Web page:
High-Speed Resistance Training


Sara Thompson – M.Sc. in Exercise Science

High-speed resistance training (HSRT) is a relatively new approach to combat ailments associated with aging such as decreased muscle strength, decreased functional performance, and decreased quality of life. HSRT, which consists of fast, explosive movements, might be more effective than the more conventional low-speed resistance training in improving muscle strength and functional performance. Indeed, Ramirez-Campillo and colleagues have previously measured greater improvement in strength and functional performance in aging women following 12 weeks of HSRT compared to low-speed resistance training (Ramirez-Campillo et al., 2014). However, it remains unclear how often individuals need to perform HSRT to obtain optimal benefits from this type of exercise. Therefore, this research group aimed to measure muscle strength, power and functional performance following 12 weeks of HSRT, performed either two or three times per week (Ramirez-Campillo et al., 2016).

Resistance Training

Resistance Training

Twenty-four healthy older women (between the ages of 60 and 83) were randomly assigned to one of three conditions: a control group who did not change their current exercise regime (CG), a group who performed high-speed resistance training twice per week (RT2), and a group who performed high-speed resistance training three times per week (RT3). Before and after the 12-week intervention, participants were assessed for muscle strength, muscle power, functional performance, and quality of life. The researchers aimed to determine if there is enhanced performance due to increased frequency of training performed each week. Whilst keeping the load of training equal for both training groups. Therefore, in order to match the training load, participants in the RT2 group performed three sets of each exercise, while participants in the RT3 group performed two sets of each exercise.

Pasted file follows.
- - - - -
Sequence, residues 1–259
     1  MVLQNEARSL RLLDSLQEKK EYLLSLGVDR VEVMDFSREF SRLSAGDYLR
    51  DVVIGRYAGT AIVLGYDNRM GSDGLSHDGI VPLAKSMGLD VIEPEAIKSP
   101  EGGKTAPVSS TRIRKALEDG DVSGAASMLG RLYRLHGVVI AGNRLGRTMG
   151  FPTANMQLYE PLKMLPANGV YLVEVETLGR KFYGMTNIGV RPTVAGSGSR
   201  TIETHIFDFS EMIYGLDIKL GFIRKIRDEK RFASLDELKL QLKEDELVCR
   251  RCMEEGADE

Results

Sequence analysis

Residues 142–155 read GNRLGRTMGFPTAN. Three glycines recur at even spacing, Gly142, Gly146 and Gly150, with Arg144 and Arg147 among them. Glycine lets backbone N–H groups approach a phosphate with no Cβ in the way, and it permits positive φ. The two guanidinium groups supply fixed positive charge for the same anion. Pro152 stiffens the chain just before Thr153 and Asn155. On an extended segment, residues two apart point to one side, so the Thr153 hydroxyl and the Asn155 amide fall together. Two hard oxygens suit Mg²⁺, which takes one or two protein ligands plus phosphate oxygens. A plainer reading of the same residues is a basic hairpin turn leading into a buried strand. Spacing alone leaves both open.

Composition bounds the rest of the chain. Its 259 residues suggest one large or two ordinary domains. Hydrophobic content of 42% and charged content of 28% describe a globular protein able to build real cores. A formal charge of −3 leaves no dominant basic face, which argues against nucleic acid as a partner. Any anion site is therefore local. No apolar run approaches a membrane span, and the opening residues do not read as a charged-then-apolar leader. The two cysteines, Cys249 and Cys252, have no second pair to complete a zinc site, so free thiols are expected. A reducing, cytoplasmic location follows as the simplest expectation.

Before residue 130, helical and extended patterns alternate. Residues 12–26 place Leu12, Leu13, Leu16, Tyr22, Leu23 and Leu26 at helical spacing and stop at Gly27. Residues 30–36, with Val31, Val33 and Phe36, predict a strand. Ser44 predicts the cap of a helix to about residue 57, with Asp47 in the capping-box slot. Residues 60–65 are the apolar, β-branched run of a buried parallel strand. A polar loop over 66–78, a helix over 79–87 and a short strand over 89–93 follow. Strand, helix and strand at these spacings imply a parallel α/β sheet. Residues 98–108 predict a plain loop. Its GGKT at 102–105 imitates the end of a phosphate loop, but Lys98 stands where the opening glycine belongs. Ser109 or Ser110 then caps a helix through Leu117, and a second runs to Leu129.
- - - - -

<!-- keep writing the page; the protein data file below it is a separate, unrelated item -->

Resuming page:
The high-speed resistance training consisted of fast, explosive exercises that worked the major muscle groups. Including medicine ball throws, bench press, upright row, biceps curl, leg extension, and core exercises. The exercise program was identical to the researchers’ previous study that showed improved performance following 12 weeks of HSRT performed twice per week (Ramirez-Campillo et al. 2014).

Following 12 weeks, both HSRT groups improved muscle strength (handgrip strength), muscle power (medicine ball throw), functional performance (10-metre walking sprint, 8-foot up-and-go, and sit-to-stand tests), and balance. Improvements were similar in RT2 and RT3 groups, with no improvements in the control group following the 12 weeks.  Additionally, the RT2 and RT3 groups showed similar improvements in psychosocial, physical, and overall quality of life following the 12-week intervention. With no improvements in the control group.